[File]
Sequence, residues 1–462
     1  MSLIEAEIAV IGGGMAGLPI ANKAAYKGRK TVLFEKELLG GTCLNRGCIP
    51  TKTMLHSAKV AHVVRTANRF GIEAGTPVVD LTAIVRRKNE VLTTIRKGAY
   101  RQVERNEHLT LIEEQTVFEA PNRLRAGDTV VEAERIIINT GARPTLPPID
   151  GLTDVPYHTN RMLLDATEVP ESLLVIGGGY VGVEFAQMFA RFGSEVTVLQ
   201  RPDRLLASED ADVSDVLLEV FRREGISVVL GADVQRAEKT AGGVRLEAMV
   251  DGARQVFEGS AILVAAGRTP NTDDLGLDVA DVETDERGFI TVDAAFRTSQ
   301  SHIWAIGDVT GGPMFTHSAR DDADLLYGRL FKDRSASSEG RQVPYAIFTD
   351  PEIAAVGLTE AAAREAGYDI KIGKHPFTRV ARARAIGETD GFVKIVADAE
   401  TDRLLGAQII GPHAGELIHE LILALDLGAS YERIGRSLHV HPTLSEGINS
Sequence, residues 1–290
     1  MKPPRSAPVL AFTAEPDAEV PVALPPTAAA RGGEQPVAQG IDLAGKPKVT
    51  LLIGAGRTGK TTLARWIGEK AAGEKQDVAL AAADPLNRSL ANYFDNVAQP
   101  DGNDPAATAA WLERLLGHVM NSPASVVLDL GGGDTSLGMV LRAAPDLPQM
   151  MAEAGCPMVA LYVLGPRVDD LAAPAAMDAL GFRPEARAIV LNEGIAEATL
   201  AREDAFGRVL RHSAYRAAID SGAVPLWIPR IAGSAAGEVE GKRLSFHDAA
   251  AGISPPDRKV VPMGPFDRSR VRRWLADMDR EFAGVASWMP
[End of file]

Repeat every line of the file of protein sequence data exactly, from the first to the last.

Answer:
Sequence, residues 1–462
     1  MSLIEAEIAV IGGGMAGLPI ANKAAYKGRK TVLFEKELLG GTCLNRGCIP
    51  TKTMLHSAKV AHVVRTANRF GIEAGTPVVD LTAIVRRKNE VLTTIRKGAY
   101  RQVERNEHLT LIEEQTVFEA PNRLRAGDTV VEAERIIINT GARPTLPPID
   151  GLTDVPYHTN RMLLDATEVP ESLLVIGGGY VGVEFAQMFA RFGSEVTVLQ
   201  RPDRLLASED ADVSDVLLEV FRREGISVVL GADVQRAEKT AGGVRLEAMV
   251  DGARQVFEGS AILVAAGRTP NTDDLGLDVA DVETDERGFI TVDAAFRTSQ
   301  SHIWAIGDVT GGPMFTHSAR DDADLLYGRL FKDRSASSEG RQVPYAIFTD
   351  PEIAAVGLTE AAAREAGYDI KIGKHPFTRV ARARAIGETD GFVKIVADAE
   401  TDRLLGAQII GPHAGELIHE LILALDLGAS YERIGRSLHV HPTLSEGINS
Sequence, residues 1–290
     1  MKPPRSAPVL AFTAEPDAEV PVALPPTAAA RGGEQPVAQG IDLAGKPKVT
    51  LLIGAGRTGK TTLARWIGEK AAGEKQDVAL AAADPLNRSL ANYFDNVAQP
   101  DGNDPAATAA WLERLLGHVM NSPASVVLDL GGGDTSLGMV LRAAPDLPQM
   151  MAEAGCPMVA LYVLGPRVDD LAAPAAMDAL GFRPEARAIV LNEGIAEATL
   201  AREDAFGRVL RHSAYRAAID SGAVPLWIPR IAGSAAGEVE GKRLSFHDAA
   251  AGISPPDRKV VPMGPFDRSR VRRWLADMDR EFAGVASWMP